What happens when Paul gets home after his Master Sargeant leaves him stranded at the reactor 50 miles from home? How does he explain this delay in getting home to his wife and kids? What happened with the sirens?

This book seems like something I might enjoy, yet at the same time, I am unsure. If it falls on my list of books to review in the future I may consider it.

The Gates of Evangeline by Hester Young

Charlotte recently lost her little boy Keegen. He had a brain aneurism and she didn’t make it to see him before he passed away. Keegen’s father had an affair a couple years before his passing. Charlotte spends time with her grandmother, who lives a few blocks away. Charlottes friend Rae comes by to help make life easier for Charlotte, and she has a little girl Zoe, who is in a recital and breaks her ankle. Charlotte has dreams that come true, this starts off to be a strange realization for her. She dreams about a little girl, Hannah, who has been missing since school let out. She sees Hannah in her dream and studies the environment.

What does Charlotte do when she awakes from her dream about Hannah? Where are these dreams coming from? What’s causing it? Did she have one of these dreams before Keegen’s passing?

With the death of her child, it places me at a defense. Reading only the couple chapters from the sampler, it made it difficult to sleep that night and caused me to spend more time loving my child. Typically I shy away from books that start off like this. But, being able to see the strength in character that Charlotte has gives me hope that she will get through this a lot better than I would. I would consider reading this one.

In summary, this is a long review, but I wanted to give you an idea about each book that is sampled. This Fall 2015 Debut Fiction Sampler was provided complimentary for an honest review by NetGalley.com.

 NetGalley Challenge Advocate

Reviewing IA: Initiate by John Darryl Winston

Occasionally I am requested to review a book via Twitter and I am so blessed to be asked to read a book! It’s my lifetime goal to be paid to read and review books, among other things. Thank you, John Darryl Winston for the opportunity!

Before starting this book, IA: Initiate, I did not read any summaries of what this story would be about and I had no clue what genre or any background about the book. Heading straight into reading, I was pleasantly surprised.

Little did I know that I would love the characters and the adventures they went through. The story starts off on the first day of school and the anxieties that go with it, along with some unexpected circumstances. The main character, 13-year old Naz, shares his protection over his younger sister as they approach various situations from going to school to helping out in the community.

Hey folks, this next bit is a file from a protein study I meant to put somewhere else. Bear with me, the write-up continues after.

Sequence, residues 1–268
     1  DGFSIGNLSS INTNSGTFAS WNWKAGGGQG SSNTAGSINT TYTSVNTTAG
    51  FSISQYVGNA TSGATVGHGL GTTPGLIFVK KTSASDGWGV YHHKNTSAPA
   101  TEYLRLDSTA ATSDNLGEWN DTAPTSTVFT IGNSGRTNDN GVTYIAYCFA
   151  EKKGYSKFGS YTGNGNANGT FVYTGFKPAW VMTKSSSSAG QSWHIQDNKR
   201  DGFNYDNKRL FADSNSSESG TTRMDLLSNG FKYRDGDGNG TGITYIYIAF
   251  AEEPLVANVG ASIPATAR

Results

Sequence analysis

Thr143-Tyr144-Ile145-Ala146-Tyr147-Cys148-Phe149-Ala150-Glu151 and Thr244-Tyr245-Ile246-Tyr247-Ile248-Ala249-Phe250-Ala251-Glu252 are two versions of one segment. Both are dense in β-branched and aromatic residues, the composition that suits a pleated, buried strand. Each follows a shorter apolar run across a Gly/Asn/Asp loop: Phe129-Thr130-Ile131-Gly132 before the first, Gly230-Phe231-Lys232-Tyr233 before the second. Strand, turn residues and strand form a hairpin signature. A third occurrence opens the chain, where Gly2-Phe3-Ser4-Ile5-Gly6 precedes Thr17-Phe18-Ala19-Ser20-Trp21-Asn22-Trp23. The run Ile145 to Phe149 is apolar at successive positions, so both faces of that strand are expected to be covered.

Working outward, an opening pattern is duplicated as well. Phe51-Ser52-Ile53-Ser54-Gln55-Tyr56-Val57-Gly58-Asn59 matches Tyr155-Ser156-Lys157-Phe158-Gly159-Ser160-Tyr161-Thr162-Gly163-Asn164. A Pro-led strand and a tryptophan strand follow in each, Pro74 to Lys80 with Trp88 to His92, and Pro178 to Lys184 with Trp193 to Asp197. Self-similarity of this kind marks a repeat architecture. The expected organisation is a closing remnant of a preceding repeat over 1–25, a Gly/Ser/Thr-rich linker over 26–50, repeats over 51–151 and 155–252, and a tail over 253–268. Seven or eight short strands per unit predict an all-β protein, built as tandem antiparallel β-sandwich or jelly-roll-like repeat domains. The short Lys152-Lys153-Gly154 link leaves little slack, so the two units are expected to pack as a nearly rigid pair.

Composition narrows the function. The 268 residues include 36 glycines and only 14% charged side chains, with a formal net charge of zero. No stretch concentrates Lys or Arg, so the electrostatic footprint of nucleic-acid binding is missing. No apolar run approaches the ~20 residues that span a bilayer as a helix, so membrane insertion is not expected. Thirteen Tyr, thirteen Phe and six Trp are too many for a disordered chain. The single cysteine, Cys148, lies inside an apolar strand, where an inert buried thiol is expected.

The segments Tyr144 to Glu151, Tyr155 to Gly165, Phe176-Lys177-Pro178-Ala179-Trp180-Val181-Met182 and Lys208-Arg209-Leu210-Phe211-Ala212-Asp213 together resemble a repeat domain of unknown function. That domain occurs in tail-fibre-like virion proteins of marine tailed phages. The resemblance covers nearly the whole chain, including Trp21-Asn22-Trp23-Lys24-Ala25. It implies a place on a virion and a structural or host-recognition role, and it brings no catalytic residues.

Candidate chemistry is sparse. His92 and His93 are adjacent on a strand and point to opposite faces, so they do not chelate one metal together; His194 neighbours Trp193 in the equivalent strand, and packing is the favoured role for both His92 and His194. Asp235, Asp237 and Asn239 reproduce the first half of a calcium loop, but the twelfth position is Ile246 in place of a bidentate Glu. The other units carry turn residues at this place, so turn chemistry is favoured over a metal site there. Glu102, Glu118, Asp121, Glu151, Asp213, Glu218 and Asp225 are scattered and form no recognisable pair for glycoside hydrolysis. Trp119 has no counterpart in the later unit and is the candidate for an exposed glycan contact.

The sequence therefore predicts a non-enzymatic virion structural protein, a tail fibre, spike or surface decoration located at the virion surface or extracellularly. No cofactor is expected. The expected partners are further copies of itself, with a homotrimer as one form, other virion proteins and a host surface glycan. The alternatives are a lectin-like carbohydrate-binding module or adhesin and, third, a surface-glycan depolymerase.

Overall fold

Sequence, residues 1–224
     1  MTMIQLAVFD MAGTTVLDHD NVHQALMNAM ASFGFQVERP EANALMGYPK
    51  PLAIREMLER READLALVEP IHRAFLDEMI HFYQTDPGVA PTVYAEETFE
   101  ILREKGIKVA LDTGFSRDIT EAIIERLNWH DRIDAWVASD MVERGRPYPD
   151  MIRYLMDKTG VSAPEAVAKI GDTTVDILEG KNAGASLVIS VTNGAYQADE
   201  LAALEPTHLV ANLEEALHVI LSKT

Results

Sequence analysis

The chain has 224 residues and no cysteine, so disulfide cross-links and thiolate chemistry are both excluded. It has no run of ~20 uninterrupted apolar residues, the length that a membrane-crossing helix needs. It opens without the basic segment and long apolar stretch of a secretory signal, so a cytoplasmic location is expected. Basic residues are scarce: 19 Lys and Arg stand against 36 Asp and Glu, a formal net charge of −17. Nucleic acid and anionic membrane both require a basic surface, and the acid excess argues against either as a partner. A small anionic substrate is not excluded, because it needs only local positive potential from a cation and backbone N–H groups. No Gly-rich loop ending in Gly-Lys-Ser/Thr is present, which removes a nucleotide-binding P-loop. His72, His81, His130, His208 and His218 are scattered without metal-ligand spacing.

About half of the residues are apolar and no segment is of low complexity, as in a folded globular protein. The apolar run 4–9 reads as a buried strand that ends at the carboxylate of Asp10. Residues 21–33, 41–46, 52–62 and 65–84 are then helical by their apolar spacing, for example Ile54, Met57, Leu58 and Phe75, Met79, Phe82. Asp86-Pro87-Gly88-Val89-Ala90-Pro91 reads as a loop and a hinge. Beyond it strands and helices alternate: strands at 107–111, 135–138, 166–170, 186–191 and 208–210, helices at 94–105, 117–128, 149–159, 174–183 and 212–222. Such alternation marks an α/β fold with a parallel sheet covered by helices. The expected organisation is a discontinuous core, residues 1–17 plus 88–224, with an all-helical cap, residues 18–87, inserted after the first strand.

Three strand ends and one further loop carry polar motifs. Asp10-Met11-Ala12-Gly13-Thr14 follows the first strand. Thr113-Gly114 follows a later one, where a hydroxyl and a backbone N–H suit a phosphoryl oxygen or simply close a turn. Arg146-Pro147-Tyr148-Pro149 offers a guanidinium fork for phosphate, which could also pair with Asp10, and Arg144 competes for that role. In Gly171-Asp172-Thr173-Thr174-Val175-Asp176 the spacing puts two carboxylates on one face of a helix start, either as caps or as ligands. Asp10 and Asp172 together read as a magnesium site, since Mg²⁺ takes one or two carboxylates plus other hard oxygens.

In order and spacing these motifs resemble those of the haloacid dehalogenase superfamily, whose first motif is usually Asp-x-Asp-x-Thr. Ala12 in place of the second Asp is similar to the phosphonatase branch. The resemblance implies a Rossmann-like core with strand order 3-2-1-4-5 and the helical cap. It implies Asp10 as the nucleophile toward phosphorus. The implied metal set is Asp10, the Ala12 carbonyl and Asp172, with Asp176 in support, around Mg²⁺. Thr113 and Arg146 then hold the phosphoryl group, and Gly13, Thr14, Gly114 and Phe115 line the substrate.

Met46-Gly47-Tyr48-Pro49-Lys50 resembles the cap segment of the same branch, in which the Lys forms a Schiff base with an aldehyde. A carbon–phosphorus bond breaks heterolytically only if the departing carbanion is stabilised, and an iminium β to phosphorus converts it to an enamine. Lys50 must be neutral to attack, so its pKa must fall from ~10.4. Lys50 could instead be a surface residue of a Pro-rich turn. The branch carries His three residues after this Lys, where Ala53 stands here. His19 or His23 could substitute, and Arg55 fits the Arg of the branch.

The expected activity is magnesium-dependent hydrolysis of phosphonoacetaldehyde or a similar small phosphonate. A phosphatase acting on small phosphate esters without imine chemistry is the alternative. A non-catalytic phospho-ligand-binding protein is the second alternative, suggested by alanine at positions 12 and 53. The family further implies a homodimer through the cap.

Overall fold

Naz is resourceful and shows signs of supernatural abilities when helping the small business community in hopes to prevent people from switching to the big businesses as well as other parts of the story. This turns out to be a way for Naz to earn money and sometimes food for himself and his sister.

While going through emotional issues and discussing these with his psychologist, Naz and his sister have a long talk about their past. Soon Naz starts realizing that they both remember things from years ago but don’t know where those situations happened.

It’s amazing how the story left me hopeful and nervous, anxious and scared. So many emotions in one book and it leaves me eager to read the next in the series. There is a next, right, Mr Winston?

According to Winston’s website, there is an IA Series. Y’all should check it out: http://www.johndarrylwinston.com/

Book 2 for 2015 read! Her Dakota Man by Lisa Mondello

After skimming through my many ebooks on my Kindle, I came across one the sounded interesting. The last book I read was about a cowboy, so a book a bout a man in Dakota seemed like a decent next book. Her Dakota Man by Lisa Mondello I got for free from one of the emails I receive daily about free and discounted ebooks.

I have to admit, I read way more books now that I have many just sitting in one device and I can take with me practically anywhere. My Kindle Paperwhite is a convenient device that is light and goes everywhere with me!

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Her Dakota Man by Lisa Mondello starts off with a young woman, Poppy Erickson, visiting her old stomping grounds, a place she grew up, literally the home she lived in. Her best friends had married and bought her family’s old home. After a huge flood coming into town, Poppy returns from her city life in New York to help with cleanup as well as rekindle her friendship with her old flame and best friend, Logan McKinnon. Logan’s wife passed away the previous year and kept big secrets from now single dad, Logan, and from her best friend, Poppy.

This book develops characters and the settings with enough details to leave me, the reader, like I was right there with the characters. The storyline builds up with good timing. I felt myself sensing the emotions of the storyline from being skeptical to anger, hopeful to disappointed, confusion to loving.

Overall, a good book that can be read quickly. This light story is perfect to get your mind off the daily grind and sneak you to another place for a couple hours.